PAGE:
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Why do I unconsciously hold my breath during the day?
February 3, 2010 1:20 PM   Subscribe

Why do I hold my breath (unconsciously) throughout the day?

I am a programmer and in physically moderate condition. I could run a mile if I needed to but it would be very difficult. I rock climb at the gym once or twice a week, but do very little cardiovascular exercise.

I have found myself holding my breath a lot lately. I know for sure that I have been doing it:

* at work, programming
* at home, playing video games
* at home, trying to fall asleep (not after I am sleeping)
* while lifting weights at the gym
* while driving

Usually I catch myself because I or someone else hears me exhale loudly for no apparent reason. While playing computer games I think I may have subconsiously developed this habit to increase my 'steadiness'. I can't explain it for the other occassions.

My wife says I do snore sometimes so maybe I have sleep apnea but I don't think this would have anything to do with me holding my breath during my waking hours. Anyone have any ideas?

P.S. I can hold my breath for a pretty long time. In the past I have timed it at over 3 minutes.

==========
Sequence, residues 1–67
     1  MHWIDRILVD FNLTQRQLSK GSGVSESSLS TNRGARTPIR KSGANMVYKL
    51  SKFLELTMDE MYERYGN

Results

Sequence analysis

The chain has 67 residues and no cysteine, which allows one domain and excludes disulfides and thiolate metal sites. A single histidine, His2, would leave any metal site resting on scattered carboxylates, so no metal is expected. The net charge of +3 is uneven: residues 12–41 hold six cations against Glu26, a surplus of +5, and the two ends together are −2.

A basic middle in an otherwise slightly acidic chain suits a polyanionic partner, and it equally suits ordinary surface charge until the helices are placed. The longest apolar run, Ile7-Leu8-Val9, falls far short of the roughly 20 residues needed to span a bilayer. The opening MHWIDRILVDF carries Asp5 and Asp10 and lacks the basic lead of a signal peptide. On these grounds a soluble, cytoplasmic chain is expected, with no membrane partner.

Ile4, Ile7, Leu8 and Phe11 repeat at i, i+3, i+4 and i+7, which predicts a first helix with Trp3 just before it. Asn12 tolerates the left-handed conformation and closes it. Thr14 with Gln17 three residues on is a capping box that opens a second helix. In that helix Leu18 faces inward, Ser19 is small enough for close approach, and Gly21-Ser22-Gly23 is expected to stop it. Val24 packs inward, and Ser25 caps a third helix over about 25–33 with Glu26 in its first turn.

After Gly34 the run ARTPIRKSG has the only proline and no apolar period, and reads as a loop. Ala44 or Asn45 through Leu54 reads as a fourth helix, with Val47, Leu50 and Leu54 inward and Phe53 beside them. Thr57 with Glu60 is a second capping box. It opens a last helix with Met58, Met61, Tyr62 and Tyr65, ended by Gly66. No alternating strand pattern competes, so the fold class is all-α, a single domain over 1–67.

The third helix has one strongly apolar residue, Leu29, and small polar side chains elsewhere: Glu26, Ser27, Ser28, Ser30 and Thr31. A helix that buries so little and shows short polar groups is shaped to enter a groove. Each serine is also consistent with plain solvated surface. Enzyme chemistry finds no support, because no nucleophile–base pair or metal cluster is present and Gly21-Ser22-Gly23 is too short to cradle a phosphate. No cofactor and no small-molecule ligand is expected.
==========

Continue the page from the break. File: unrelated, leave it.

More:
posted by farmersckn to Health & Fitness (19 answers total) 6 users marked this as a favorite
 
I'm going to be the contrarian that says "confirmation bias." You've noticed it a few times. But that's not a trend. Still, it worries you. So you notice it more often, even though it's not actually happening more often. Now you're nervous. Now you may even trying to moderate your breathing deliberately, so now you're noticing all the normal stops and starts and misconstruing them as unconscious acts.

Relax. Meditate. Breathe.

If you don't breathe, you'll pass out, but then you'll have a different problem...

while lifting weights at the gym

This is an instance where you should consciously moderate your breathing, with each repetition.
posted by Cool Papa Bell at 1:27 PM on February 3, 2010


I catch myself holding my breath occasionally, usually during times of great concentration or stress. I think it's probably fairly normal, and nothing to worry about as long as you are in good health otherwise. But you can always ask your doctor about it during your next checkup.